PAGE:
Yes that's right, to fly with a suitcase up to 23kg in weight is £11 cheaper than just travelling with hand luggage.

Note: I know that BA's digital revenue management team can't be expected to get pricing exactly right and that errors will occur. However on this occasion I did book the cheap ticket and simply 'forgot' to take my large bag.

Wednesday, July 24, 2013

eCommerce and the dehydrated mare

Ever heard the phrase “You can lead a horse to water, but you can’t make it drink”?

Well, if you leave a thirsty horse right by the water trough, make it as easy as possible for them to take what they want and show the water off in the best way possible… you are more likely to get it drinking.
The same goes for eCommerce websites, where the you have no control over the actions of a specific user… but by a clever combination of: thought-out usability, customer insight & segmentation, an acute focus on maximising customer revenue and a ‘test & learn’ approach, you stand a far more likely chance of converting prospects into customers and makin more money in the process.
There's unfortunately no one-size-fits-all model for eCommerce, but typically there are best-practice models to follow in each market sector. Understanding what works for your business is then a process of trial and error to establish what combination works best.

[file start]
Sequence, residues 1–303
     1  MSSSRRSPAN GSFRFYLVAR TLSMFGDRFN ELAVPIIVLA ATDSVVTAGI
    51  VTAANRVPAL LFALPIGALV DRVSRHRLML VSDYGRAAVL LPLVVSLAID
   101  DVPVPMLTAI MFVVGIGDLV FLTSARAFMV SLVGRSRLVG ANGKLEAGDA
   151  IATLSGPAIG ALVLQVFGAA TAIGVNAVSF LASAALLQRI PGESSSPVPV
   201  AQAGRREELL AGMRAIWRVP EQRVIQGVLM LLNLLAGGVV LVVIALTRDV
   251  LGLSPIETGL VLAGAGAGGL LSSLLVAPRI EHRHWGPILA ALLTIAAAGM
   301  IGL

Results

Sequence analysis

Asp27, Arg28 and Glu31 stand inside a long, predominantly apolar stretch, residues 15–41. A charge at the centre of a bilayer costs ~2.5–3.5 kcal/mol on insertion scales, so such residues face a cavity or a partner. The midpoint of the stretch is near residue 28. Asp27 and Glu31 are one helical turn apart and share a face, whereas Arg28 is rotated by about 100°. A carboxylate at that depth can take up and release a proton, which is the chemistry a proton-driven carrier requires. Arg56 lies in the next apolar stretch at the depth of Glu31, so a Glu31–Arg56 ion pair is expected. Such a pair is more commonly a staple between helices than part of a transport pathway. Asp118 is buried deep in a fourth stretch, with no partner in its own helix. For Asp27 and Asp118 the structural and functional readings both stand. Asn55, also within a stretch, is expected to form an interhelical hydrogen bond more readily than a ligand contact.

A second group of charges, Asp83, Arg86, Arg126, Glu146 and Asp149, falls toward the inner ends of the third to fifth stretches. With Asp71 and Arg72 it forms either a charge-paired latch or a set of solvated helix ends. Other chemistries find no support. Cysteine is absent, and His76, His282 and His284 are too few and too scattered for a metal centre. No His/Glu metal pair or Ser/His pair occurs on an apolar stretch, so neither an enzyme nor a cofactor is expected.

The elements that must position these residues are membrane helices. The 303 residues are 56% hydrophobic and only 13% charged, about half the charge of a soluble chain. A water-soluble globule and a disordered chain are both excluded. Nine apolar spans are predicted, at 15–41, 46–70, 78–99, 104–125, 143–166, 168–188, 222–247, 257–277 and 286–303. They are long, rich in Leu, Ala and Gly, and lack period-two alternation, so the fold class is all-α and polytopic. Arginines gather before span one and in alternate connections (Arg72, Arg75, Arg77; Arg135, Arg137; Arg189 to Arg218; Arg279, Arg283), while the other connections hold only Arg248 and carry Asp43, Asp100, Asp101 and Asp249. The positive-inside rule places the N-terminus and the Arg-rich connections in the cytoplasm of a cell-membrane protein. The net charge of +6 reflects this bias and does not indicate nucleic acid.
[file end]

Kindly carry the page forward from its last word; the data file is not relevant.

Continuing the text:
Remember, you may drag your customers to your site via a number of different marketing channels; but what they do when they are there is yours to shape and persuade.

Monday, July 22, 2013

email to Stephen Halpin of Merchant Soul


The time has come for us to stop working together.

Currently Ideal Interface is owed £24,600 by Merchant Soul, not including our final invoice due at the end of July for £1,680. This is a significant sum outstanding and has now become of considerable concern to Moya and myself, also meaning we have not able to meet certain financial obligations.